Tannins, it’s what’s for dinner

Ever wonder what wine you could age and for how long? One component that contributes to aging wine is tannins, basically derived from grape skins, seeds, and stems used to produce wine. Technically, they are plant-derived polyphenols, I know, exciting stuff! Tannins are largely responsible for giving wines structure. Brew a cup of strong black tea and leave the bag in your cup for about 10 minutes. You’ll know at first sip what tannins are. So with age, along with proper storage and temperature, tannins will soften up like the refinement and complexity of The Chicago Symphony Orchestra - just in your mouth. Although there are many factors that contribute how long you could age a wine you could easily research your bottle online (there are many helpful websites).
One example of wine aging ever so well, which almost brought a tear down my face upon first sip, is Spring Mountain Vineyard Reserve 1996. And now some needed facts…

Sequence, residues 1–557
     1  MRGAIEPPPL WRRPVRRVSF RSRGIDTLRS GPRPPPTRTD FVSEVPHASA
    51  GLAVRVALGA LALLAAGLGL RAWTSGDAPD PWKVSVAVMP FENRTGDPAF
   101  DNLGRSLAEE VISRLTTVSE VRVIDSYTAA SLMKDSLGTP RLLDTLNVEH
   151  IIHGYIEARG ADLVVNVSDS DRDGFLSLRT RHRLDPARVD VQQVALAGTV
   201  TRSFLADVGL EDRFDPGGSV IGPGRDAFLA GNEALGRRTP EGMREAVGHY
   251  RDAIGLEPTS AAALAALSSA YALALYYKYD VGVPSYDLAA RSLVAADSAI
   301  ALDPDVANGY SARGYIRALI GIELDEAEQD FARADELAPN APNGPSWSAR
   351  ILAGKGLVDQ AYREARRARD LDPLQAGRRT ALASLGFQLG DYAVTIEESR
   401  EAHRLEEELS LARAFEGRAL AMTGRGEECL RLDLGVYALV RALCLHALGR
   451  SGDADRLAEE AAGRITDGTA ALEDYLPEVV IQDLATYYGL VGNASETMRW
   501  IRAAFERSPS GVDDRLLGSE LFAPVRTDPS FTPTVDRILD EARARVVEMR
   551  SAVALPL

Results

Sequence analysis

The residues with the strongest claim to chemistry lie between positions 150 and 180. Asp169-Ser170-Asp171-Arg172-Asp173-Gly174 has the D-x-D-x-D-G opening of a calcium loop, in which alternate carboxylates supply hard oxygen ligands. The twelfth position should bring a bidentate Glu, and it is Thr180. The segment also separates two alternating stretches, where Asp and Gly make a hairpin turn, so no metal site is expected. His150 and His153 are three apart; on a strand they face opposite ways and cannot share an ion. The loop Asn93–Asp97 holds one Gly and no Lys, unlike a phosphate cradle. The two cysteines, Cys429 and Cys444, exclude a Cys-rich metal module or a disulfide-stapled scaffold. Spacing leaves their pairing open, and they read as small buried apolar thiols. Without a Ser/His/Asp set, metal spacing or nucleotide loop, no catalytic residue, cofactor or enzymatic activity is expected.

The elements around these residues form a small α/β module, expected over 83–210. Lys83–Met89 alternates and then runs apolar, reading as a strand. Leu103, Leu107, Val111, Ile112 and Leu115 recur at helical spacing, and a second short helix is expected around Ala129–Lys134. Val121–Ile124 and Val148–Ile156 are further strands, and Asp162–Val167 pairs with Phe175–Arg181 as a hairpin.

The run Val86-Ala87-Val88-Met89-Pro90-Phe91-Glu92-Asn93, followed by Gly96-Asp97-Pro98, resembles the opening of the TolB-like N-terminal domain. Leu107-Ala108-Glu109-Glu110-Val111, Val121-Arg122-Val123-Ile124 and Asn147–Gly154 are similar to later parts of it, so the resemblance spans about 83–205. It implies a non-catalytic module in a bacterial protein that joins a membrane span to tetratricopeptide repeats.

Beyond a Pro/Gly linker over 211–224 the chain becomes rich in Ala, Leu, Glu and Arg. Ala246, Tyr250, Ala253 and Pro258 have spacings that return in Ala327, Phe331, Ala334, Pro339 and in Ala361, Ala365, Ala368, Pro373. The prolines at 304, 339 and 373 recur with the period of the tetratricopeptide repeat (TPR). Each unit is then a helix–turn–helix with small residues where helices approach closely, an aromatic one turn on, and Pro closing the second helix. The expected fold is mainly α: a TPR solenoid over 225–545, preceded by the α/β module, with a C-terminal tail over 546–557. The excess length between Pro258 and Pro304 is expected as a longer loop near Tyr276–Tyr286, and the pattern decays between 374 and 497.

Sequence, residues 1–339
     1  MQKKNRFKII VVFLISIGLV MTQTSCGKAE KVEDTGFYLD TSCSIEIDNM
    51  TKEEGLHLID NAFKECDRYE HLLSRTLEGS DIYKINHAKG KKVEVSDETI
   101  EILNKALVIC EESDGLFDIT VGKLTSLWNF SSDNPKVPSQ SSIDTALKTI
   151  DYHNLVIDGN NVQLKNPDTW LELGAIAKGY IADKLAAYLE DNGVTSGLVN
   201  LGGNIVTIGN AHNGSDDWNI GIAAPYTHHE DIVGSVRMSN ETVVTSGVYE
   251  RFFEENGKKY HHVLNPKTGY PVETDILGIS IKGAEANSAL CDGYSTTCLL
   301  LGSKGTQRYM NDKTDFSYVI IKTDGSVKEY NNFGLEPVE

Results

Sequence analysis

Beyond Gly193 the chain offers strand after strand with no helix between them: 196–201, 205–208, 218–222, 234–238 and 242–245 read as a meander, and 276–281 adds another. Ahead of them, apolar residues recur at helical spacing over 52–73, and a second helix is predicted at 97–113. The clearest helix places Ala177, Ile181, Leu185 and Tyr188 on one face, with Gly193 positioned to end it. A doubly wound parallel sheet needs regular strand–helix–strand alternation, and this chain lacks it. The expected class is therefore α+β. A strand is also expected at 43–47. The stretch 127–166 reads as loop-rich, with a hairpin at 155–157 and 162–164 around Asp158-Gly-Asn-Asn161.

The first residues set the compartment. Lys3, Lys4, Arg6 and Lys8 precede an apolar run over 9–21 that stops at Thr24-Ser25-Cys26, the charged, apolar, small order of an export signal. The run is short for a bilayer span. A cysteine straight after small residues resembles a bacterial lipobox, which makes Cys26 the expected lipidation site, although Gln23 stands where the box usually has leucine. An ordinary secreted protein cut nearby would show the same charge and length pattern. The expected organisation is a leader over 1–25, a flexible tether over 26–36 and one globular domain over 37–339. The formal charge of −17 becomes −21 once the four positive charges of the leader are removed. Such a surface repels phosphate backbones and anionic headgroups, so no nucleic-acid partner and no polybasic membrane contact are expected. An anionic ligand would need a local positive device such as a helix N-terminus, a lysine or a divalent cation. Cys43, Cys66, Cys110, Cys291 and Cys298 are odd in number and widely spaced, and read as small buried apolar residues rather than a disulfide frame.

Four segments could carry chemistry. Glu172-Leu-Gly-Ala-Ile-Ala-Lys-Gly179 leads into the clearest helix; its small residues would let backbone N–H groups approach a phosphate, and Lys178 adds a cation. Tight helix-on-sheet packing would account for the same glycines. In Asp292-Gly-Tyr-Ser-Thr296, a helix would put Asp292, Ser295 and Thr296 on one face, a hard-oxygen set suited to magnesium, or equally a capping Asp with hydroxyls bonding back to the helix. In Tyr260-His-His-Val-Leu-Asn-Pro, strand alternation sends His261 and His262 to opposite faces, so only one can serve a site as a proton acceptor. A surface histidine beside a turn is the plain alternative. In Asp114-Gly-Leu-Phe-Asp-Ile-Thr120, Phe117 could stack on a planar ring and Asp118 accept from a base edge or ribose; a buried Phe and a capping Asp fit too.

** From Napa Valley, Spring Mountain District
** A blend of 81% Cabernet Sauvignon, 16% Merlot, and 3% Petite Verdot
** Aged an astounding 22 months in New French Oak Barrels

I decanted this bad boy for about 2 hours. At first, there were aromas of bright red fruits but as time went on I noticed black fruits coming through, current, and toasty oak. Flavors were rich, firm, silky, and….well simply outstanding! I should note it got even better as time went on. Aromas and flavors evolved which intrigued me to come back for more. By far one of the best bottles I’ve had. So go ahead, find a bottle to age and you’ll taste how well tannins mature, becoming the main course.

Sláinte! TCW  


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